YANGON (Reuters) - Myanmar’s military junta extended the house arrest of opposition leader Aung San Suu Kyi on Tuesday, a government source and diplomats said.
The official, who asked not to be named, said a government officer had gone to the Nobel laureate’s home to read out a six-month extension order in person.
However, a Yangon-based diplomat said it was for a year.
Oxford-educated Suu Kyi, 62, has been under house arrest or in prison for nearly 13 of the last 18 years.
The extension is likely to dismay Western donor nations which have pledged tens of millions of dollars in conditional aid since Cyclone Nargis hit on May 2, leaving up to 2.4 million people destitute.
Activists criticised U.N. Secretary-General Ban Ki-moon for not speaking out about Suu Kyi’s detention during his weekend visit to Myanmar, which the U.N. chief said was purely a humanitarian mission.
“It is shameful that Ban Ki-Moon went to Burma and failed even to utter her name,” Mark Farmaner, Director of the Burma Campaign UK, said in a statement.
“He is playing into the regime’s hands. The U.N. is crawling on its knees before the regime, afraid to speak the truth in case it affects aid access deals, which the regime is already breaking in any case,” he said.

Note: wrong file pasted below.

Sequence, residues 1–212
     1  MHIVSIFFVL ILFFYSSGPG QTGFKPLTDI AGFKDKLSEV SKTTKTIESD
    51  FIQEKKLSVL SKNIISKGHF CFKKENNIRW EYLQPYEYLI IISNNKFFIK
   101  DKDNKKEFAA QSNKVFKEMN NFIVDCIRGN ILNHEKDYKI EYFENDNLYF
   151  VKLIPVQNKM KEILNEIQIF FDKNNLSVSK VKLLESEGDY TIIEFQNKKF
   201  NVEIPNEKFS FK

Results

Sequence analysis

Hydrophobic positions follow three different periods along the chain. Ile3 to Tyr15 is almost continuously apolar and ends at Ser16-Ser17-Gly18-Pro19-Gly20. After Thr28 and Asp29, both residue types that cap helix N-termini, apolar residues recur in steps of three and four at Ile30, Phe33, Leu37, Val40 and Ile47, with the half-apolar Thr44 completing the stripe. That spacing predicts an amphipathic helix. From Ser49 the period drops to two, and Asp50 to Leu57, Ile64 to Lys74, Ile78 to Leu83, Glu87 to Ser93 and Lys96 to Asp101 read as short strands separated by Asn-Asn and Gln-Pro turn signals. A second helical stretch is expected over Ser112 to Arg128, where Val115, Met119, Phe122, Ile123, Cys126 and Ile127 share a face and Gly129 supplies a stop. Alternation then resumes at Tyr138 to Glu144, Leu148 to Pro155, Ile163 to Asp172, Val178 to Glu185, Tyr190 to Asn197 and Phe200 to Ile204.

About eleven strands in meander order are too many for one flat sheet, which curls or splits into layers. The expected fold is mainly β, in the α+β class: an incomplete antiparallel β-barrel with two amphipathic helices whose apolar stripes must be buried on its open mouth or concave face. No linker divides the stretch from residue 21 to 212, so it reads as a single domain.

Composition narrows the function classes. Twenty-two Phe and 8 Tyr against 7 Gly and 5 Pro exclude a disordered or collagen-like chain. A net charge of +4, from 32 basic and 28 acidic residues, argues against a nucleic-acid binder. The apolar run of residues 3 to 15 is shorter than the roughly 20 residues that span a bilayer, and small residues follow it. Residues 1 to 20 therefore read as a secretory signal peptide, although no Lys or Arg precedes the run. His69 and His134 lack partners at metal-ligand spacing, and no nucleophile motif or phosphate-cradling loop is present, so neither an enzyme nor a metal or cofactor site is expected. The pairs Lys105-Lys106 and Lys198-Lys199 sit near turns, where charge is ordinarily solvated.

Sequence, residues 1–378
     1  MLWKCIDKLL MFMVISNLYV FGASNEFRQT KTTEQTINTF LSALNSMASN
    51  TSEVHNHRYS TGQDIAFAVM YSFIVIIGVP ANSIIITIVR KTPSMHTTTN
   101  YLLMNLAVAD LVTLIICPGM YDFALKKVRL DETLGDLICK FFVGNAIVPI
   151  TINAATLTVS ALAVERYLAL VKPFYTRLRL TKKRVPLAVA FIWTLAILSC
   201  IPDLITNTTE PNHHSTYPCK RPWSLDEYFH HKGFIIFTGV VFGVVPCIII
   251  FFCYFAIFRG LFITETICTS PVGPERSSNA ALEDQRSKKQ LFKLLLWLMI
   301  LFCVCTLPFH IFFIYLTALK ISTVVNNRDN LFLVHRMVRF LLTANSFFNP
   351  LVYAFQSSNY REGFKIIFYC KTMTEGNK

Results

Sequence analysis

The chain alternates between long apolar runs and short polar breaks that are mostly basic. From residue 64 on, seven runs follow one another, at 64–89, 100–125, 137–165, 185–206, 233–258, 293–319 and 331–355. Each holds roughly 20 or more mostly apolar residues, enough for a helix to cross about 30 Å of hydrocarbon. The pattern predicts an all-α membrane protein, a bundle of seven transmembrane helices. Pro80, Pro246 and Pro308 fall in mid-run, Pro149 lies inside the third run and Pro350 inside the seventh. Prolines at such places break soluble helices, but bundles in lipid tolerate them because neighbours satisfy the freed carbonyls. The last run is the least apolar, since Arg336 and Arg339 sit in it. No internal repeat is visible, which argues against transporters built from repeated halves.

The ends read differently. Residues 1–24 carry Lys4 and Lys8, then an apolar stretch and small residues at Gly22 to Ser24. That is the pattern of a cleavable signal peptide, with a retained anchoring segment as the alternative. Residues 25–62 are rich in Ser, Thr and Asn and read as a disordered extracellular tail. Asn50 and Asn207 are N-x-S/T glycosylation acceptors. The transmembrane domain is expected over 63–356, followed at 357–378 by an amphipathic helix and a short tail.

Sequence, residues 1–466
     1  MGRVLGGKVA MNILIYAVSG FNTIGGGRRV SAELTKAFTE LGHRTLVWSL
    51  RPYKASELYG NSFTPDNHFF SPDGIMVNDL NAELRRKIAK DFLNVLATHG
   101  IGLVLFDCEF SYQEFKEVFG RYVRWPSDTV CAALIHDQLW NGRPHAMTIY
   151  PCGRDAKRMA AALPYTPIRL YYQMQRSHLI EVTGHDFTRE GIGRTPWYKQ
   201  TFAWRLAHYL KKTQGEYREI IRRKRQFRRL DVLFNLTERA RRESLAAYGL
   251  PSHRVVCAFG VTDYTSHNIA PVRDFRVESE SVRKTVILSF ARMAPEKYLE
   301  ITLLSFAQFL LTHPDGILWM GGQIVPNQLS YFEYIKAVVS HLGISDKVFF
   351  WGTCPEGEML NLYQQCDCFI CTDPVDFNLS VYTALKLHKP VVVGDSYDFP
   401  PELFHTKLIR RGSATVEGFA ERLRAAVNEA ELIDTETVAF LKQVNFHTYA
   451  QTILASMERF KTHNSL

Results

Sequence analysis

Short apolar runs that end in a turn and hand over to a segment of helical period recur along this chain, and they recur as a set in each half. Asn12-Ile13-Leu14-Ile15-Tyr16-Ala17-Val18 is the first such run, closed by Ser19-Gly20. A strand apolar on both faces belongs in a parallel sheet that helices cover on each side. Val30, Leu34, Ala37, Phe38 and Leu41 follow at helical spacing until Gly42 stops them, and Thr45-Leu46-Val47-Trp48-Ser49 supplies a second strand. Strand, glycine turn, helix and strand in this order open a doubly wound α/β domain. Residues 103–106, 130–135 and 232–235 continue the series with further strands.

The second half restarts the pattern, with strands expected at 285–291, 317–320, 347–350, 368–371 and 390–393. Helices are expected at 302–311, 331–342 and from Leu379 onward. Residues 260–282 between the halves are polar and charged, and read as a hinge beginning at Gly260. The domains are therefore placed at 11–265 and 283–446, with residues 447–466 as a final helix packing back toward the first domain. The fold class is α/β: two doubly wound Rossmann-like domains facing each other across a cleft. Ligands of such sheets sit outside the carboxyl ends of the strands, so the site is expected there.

The military, criticised for its slow response to the disaster which left 134,000 dead and missing, has slowly opened the isolated Southeast Asian nation to foreign aid and workers.
But the generals have also shown no sign of relaxing their iron grip on the country.
Earlier on Tuesday, police arrested 20 youth members of Suu Kyi’s National League for Democracy (NLD) trying to march to her home in the former capital, opposition sources said.
A Reuters reporter saw at least six police trucks, a prison van and a fire engine parked near the NLD headquarters before a ceremony to mark the end of the latest phase of her house arrest.
Suu Kyi’s latest stretch of detention started “for her own protection” after clashes between her supporters and pro-junta thugs near the town of Depayin on May 30, 2003.
However, her formal house arrest under a state security law did not start until November 27 of that year. It was renewed once for six months, and has since been renewed every year on or around May 27.
The last time Suu Kyi was released, in 2002, she drew huge crowds on a tour of the country, a reminder to the generals of the huge sway the daughter of independence hero Aung San still held over Myanmar’s 57 million people.
The NLD won more than 80 percent of seats in a 1990 election, but was denied power by the military, which has ruled the former Burma since a 1962 coup.
Writing by Ed Cropley; Editing by Darren Schuettler